The Montessori classroom is an attractive environment that enthuses children to work. Walking into the room, one sees a lot of open shelves with the Montessori equipment, books, cultural objects, pictures and plants laid out attractively and orderly.
The available Montessori equipment depends on the age range of the class. These materials are well thought through and are presented in sequence; a previous material slightly hinting towards the more advanced level. Once children are introduced to that level they do not feel hesitant or blocked. To the contrary, they feel they have seen it somewhere before! This is one of the subtle ways, which influence the child’s self esteem.
To give a concrete example. Children’s Houses have a complete set of puzzles of the continents. These are simply called the Puzzle Maps. Each country can be taken out and the map can be reconstructed on a sensorial level. The child gets a feeling for the continent before the names of the countries are introduced. He actually “knows” Africa once he learns the names. So instead of feeling overwhelmed by the amount of countries, he continues with confidence. The hidden step towards the next level is the position of the knobs to hold the puzzle piece. These are not placed centrally as in a normal puzzle, but placed in the position of the capital. As you can see, this has a powerful unspoken message for the child learning topography.
Children are introduced to new concepts from a concrete point of view and move gradually to the abstract level. This is also very visible in the math equipment.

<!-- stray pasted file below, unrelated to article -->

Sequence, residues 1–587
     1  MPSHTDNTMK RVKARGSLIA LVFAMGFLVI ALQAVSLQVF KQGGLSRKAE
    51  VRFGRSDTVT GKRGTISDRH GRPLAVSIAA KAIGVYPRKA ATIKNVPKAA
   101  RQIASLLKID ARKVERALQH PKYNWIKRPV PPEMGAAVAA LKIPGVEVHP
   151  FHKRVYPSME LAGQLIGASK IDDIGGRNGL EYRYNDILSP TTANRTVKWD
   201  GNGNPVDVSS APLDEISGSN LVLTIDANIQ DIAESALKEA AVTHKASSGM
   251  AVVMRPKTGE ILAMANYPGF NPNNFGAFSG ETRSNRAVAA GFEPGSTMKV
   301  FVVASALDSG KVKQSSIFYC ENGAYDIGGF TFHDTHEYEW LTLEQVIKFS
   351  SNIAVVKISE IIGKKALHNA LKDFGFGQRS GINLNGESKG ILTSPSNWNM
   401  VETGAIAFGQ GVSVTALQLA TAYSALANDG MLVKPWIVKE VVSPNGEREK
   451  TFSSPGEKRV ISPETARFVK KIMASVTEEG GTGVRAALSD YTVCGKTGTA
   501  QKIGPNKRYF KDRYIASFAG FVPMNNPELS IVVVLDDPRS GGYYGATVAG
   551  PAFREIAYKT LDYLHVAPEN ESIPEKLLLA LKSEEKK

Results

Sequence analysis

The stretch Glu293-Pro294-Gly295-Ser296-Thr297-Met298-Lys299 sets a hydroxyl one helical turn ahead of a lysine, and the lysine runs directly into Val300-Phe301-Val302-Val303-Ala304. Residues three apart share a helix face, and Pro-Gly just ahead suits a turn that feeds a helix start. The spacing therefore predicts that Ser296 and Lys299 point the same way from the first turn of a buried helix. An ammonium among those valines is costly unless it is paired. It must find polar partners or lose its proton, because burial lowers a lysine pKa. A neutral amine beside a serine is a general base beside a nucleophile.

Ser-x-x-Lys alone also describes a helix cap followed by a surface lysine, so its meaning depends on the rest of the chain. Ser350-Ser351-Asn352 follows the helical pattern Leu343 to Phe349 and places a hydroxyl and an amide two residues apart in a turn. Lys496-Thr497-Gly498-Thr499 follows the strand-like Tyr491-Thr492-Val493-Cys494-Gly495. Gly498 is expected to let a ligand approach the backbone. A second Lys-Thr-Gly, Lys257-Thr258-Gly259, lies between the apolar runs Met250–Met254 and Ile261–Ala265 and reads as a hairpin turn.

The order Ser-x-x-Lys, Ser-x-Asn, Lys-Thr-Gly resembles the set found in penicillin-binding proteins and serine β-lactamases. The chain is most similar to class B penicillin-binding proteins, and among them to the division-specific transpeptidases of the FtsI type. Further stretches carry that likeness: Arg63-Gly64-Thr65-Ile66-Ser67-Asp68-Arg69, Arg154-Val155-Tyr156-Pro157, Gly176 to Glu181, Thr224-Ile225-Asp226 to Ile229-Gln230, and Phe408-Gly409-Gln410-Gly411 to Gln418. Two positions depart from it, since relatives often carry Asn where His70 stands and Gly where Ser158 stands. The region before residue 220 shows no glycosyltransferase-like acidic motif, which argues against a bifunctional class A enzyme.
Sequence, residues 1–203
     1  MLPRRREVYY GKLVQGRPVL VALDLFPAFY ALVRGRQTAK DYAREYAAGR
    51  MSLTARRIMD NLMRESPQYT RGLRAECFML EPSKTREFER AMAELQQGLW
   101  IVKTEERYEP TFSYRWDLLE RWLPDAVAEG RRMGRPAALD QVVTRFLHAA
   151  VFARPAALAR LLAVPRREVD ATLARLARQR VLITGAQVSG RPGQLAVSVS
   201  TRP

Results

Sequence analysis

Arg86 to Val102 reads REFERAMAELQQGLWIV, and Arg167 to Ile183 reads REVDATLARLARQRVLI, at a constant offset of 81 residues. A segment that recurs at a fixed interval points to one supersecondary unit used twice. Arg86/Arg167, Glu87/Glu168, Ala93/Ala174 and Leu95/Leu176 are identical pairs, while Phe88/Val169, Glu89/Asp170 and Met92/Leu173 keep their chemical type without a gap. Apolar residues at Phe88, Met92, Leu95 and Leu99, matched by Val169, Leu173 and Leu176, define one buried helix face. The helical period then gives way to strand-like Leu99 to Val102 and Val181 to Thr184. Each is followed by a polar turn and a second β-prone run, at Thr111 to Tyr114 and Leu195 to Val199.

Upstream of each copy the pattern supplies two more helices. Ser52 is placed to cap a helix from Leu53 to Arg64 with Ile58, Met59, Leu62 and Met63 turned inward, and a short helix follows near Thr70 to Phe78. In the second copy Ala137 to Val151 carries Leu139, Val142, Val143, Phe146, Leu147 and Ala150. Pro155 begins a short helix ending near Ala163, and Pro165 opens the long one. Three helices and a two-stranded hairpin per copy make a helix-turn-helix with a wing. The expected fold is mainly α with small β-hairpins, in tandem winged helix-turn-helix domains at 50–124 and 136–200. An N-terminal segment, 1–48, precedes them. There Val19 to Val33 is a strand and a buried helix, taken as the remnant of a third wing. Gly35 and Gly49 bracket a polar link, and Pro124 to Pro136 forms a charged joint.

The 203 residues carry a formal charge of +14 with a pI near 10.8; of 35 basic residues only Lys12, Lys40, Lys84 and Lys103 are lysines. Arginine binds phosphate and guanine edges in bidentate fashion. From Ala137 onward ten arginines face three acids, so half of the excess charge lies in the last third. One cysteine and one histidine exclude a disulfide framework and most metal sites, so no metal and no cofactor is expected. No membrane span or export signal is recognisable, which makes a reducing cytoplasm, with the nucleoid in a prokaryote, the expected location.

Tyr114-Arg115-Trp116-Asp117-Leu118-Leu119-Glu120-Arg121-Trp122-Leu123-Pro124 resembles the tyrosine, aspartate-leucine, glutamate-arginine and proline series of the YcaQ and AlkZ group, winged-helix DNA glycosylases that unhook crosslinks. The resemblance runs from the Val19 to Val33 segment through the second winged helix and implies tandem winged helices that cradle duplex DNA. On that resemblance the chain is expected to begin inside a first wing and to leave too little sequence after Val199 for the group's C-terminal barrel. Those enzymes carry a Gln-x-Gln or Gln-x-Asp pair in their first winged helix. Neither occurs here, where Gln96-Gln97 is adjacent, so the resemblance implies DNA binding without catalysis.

An example in Primary is the Bead Cabinet. It has bead chains, squares and cubes for each number up to and including 10. Let’s take 5 as an example: There is one bead bar of 5, one short chain of 5 bead bars of 5, one square of 5 by 5, one long chain of 25 bead bars of 5, and one cube of 5 by 5 by 5. Initially children use the materials for multiplication; 5 taken 1 time, 5 taken 2 times and so on.
At a later stage the directress shows them that you can fold these chains into squares. The short chains makes one square and the long chain makes 5. When you superimpose these squares one creates a cube! Now you have just read the sensorial introduction to the power of 2 and the power of 3.
The aims behind the equipment are many:
– Visualisation of concepts,
– To help the feeling of “ I can do it”; development of self esteem,
– Helping children to work independently,
– Helping children in working together (Primary),
– Presenting academic topics at the child’s personal level,
– Differentiating per child,
– Stimulating concentration by focusing on one concept at the time,
– Self correction; facilitating a positive attitude towards trying new concepts,
– Stimulating the love of learning!
The directress(or) knows on a daily level, the achievements and interests of the children and consequently knows which step to present next. A detailed record keeping system helps the teacher in guiding the child simultaneously in all areas and subjects.
Research Materials – Library
The amount of material made available to children in Montessori environments gradually increase until a peak is reached in around age 8. Then there is a gradual decrease in the Montessori materials per se, and a corresponding increase in the reference materials. The children are helped to develop a research orientation to their work. As a consequence, books are used as reference rather than as texts. When studying any particular topic or idea, several references are used. This helps in developing the questioning and analytical processes that expand as the research orientation of the children grow.